Both these assumptions relate to the nature of human society. This material limitation on what earlier societies could produce limited and constrained the types of relationships that existed between people. In revolutionary periods, one class is attached to the old relations of production.
By producing their means of subsistence men are indirectly producing their actual material life. All history must be studied afresh, the conditions of existence of the different formations of society must be examined individually before the attempt is made to deduce them from the political, civil law, aesthetic, philosophic, religious, etc.
But even the most superficial examination of history shows that the gradualist interpretation is baseless. Hence, the prime task of historical science is to study and disclose the laws of production, the laws of development of the productive forces and of the relations of production, the laws of economic development of society.
The material aspect of production implies a certain organization of production, possession of the appropriate tools and knowledge. For years the Copernican solar system was a hypothesis with a hundred, a thousand or ten thousand chances to one in its favor, but still always a hypothesis.
The fall of the "Economists" and the Mensheviks was due, among other things, to the fact that they did not recognize the mobilizing, organizing and transforming role of advanced theory, of advanced ideas and, sinking to vulgar materialism, reduced the role of these factors almost to nothing, thus condemning the Party to passivity and inanition.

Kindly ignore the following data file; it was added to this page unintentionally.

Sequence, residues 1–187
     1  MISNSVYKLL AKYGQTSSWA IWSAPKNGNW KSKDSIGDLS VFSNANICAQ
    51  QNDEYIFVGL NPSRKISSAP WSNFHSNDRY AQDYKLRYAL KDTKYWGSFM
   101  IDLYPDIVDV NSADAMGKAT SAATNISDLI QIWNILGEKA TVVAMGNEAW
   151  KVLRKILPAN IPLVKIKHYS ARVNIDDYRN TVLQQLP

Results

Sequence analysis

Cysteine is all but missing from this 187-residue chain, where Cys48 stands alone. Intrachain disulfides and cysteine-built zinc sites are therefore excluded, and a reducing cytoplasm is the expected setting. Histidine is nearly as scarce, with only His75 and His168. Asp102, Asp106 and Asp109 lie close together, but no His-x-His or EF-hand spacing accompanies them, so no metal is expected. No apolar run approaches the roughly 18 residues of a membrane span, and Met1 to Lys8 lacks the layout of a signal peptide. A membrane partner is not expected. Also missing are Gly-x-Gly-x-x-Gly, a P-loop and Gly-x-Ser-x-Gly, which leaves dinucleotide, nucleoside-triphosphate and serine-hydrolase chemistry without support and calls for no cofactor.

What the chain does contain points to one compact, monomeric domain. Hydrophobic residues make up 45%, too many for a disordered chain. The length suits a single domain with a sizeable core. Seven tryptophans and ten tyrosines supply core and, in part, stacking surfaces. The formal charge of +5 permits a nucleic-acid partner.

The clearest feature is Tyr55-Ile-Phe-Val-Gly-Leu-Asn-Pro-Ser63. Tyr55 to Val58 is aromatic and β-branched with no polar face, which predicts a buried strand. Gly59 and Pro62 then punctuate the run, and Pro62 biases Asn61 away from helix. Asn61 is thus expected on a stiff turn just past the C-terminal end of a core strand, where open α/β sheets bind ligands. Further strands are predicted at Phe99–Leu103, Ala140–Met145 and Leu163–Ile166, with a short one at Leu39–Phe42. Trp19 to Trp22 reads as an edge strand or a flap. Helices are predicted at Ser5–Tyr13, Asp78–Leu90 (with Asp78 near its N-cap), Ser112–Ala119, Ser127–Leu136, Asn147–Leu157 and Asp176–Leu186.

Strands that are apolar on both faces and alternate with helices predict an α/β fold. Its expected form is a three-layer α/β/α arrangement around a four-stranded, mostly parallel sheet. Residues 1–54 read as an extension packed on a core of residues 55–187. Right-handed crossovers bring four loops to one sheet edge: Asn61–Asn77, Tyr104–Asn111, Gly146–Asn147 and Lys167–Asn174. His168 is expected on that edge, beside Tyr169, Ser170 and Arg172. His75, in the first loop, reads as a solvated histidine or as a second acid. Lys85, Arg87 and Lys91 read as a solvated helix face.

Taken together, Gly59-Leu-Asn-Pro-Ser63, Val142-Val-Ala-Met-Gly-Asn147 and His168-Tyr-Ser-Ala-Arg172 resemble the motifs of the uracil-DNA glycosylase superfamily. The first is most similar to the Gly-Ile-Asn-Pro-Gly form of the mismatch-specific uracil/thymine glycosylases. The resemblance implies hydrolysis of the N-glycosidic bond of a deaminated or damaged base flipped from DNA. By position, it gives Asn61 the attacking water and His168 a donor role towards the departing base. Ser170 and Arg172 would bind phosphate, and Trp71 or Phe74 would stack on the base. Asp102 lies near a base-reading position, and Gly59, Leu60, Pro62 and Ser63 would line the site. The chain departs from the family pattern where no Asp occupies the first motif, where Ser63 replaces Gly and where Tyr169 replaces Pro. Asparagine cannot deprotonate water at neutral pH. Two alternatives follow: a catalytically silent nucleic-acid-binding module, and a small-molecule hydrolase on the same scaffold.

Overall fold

This work by Alan Woods, provides a comprehensive explanation of the Marxist method of analysing history. This first part establishes the scientific basis of historical materialism.
This work by Alan Woods, provides a comprehensive explanation of the Marxist method of analysing history. This first part establishes the scientific basis of historical materialism. Historical materialism is the methodological approach of Marxist historiography that focuses on human societies and their development over time, claiming that they follow a number of observable tendencies.
This was first articulated by Karl Marx (–) as the materialist conception of history. The basic premise of historical materialism is that the ultimate source of human development is the development of the productive forces.
This is a most important conclusion because this alone can permit us to arrive at a scientific conception of history. Historical materialism is the extension of the principles of dialectical materialism to the study of social life, an application of the principles of dialectical materialism to the phenomena of the life of society, to the study of society and of its history.
Historical materialism definition, (in Marxist theory) the doctrine that all forms of social thought, as art or philosophy, and institutions, as the family or the state, develop as a superstructure founded on an economic base; that they reflect the character of economic relations and are altered or modified as a result of class struggles; that each ruling economic class produces the class that.Historical materialism